SeaWatch - Whale & Dolphin Watching

 


Enjoy watching whale and dolphins in Scotland responsibly whilst helping to monitor their numbers.

Whilst sailing in Scottish coastal waters it is likely that you will see basking sharks, whales and dolphins.

Did you know?

• 24 of the 82 species of whale and dolphins have been recorded in Scotland in the last century. These include common dolphins, bottlenose dolphins, striped dolphins, harbour porpoises, Minke and Humpback whales.

• The Moray Firth has the world’s most northerly resident population of bottlenose dolphins and has a Special Area of Conservation designation.

• There are more sightings of basking sharks in Scotland than in the rest of the UK.

• Protection under the Wildlife and Countryside Act 1981 and the Nature Conservation (Scotland) Act 2004 means that it is illegal to kill, injure or recklessly disturb cetaceans (whales, dolphins and porpoises) and basking sharks in British waters. Any person committing an offence could face 6 months in prison.

There is a good chance that you will be lucky enough to see some of our fantastic marine wildlife whilst out sailing. To get the best out of your wildlife watching experience make sure that you know how to act responsibly, with respect and within the law.



The Green Blue have made it easy and our ‘Into the Blue’ CD ROM, launched last year especially for recreational boaters, contains a short video (produced in association with Wildlife Safe,WiSe) explaining how to view and approach wildlife. Full of environmental top tips and advice it is free, so request your copy from The Green Blue now (Email info@thegreenblue.org.uk). The Marine Wildlife Watching Code, produced by Scottish Natural Heritage, offers practical guidance to all coastal visitors on watching marine wildlife and keeping within the law (Marine Code), so why not keep a copy onboard.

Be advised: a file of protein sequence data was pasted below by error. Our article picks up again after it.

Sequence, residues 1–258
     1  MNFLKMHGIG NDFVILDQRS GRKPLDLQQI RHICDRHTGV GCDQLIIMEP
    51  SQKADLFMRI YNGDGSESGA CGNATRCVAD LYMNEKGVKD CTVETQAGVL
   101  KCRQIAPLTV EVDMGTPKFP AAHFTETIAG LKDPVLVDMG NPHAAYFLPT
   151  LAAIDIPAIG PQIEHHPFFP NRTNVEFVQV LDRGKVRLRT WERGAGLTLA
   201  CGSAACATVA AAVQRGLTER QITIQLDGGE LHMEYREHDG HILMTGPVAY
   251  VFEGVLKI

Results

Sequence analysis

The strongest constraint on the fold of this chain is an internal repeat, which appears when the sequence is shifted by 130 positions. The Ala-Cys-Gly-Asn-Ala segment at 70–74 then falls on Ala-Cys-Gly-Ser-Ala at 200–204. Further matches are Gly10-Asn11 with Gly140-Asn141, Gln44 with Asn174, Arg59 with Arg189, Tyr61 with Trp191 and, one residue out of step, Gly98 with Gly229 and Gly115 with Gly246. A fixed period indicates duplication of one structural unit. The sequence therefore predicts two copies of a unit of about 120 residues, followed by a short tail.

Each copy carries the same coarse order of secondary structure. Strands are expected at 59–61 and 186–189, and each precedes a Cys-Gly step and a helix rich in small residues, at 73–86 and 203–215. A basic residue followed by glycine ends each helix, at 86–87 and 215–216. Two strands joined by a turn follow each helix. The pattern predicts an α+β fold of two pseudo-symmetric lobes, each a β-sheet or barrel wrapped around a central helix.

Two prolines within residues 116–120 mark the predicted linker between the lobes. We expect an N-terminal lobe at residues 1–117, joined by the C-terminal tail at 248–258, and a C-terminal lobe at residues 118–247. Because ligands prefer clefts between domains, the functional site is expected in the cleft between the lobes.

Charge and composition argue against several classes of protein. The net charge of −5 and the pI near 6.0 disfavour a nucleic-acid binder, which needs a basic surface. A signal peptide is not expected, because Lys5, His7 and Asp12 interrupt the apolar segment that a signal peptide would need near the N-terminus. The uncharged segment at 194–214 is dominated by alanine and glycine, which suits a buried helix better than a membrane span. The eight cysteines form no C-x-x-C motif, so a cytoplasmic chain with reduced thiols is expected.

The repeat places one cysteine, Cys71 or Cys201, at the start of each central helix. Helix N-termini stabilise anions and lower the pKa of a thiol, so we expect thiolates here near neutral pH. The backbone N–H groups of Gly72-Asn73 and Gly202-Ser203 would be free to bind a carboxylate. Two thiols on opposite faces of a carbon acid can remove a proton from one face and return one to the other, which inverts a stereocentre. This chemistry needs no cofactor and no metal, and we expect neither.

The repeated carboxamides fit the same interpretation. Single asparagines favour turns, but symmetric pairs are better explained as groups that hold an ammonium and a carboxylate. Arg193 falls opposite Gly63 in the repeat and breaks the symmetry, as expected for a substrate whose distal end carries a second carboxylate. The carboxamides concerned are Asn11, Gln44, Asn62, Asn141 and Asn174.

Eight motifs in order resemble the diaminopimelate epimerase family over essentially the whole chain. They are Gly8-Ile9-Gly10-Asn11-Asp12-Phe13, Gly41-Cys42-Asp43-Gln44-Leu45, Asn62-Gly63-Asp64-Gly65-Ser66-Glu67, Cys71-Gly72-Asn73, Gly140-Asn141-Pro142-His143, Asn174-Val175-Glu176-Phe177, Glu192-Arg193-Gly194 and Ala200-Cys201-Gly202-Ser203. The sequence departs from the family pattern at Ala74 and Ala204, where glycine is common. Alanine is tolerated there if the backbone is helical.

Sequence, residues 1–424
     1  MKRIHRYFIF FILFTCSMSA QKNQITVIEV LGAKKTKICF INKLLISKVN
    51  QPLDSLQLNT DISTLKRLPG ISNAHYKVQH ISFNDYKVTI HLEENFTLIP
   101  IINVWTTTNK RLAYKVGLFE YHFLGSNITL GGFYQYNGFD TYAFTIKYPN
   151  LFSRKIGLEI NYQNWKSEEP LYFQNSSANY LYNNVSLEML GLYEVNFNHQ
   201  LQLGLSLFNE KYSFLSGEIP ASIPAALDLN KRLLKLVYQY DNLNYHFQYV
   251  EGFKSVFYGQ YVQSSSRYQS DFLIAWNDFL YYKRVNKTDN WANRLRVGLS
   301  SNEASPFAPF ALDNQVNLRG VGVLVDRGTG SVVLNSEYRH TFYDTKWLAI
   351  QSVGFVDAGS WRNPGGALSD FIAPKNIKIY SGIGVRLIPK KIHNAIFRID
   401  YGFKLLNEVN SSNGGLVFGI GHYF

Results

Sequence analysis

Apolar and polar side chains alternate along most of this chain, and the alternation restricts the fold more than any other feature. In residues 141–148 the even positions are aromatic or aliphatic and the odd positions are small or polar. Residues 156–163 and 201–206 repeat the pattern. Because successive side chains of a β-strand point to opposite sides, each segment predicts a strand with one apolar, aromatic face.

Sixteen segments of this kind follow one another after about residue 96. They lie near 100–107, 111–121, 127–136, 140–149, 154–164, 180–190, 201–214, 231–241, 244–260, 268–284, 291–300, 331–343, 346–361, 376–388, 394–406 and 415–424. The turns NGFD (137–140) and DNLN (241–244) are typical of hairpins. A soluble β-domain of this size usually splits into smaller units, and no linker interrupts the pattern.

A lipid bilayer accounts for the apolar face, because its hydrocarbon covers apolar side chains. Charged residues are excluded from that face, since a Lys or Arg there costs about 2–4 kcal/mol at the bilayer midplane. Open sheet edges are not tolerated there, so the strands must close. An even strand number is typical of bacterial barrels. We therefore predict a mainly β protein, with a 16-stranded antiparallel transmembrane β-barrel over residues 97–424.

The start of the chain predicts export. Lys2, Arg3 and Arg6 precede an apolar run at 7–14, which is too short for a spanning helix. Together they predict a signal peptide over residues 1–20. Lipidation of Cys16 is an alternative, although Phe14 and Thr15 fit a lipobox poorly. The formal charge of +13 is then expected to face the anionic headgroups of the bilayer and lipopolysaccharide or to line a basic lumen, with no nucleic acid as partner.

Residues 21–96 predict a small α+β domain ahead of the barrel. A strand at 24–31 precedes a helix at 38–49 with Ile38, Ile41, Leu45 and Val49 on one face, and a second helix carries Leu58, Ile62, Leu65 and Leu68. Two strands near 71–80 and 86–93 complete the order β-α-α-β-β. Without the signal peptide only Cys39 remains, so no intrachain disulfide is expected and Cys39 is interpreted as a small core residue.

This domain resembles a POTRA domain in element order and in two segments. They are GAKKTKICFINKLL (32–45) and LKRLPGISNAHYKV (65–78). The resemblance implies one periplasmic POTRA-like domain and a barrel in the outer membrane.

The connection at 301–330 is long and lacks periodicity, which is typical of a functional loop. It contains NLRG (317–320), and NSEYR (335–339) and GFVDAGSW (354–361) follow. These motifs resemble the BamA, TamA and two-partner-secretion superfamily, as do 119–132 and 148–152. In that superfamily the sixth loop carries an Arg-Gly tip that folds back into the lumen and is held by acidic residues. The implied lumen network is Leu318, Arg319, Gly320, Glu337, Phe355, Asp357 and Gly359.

Getting Involved ~ Recording Sightings of Whales & Dolphins

Each year the Seawatch Foundation records sightings of whales, dolphins and porpoises in the UK and uses this information to record a snapshot in distribution, and to monitor population trends and changes. This year they are organising a nine day survey from 21-29th June 2008 all around the British coastline, so why not join in and help record sightings. To find your nearest onshore viewing post visit www.seawatchfoundation.org.uk - there are many locations right around Scotland, including Orkney and Shetland and there are also some organised boat trips to record sightings too. Run by volunteers, these viewing posts offer a great way to learn about viewing and recording wildlife whilst making some great friends at the same time.

Alternatively you can download record forms and record your sightings whilst out sailing yourselves. So, please take this opportunity to record and send in your sightings to Seawatch, it will be greatly appreciated.

The Hebridean Whale and Dolphin Trust, based in Tobermory also have a recording scheme and up to date reports on recent sightings. Visit http://www.whaledolphintrust.co.uk

Recording Sightings of Basking Sharks & Other Marine Wildlife

For lots of information on sharks, pictures, codes of conduct and to record basking shark sightings visit: Basking Sharks.

Clean Seas and Beaches Reports.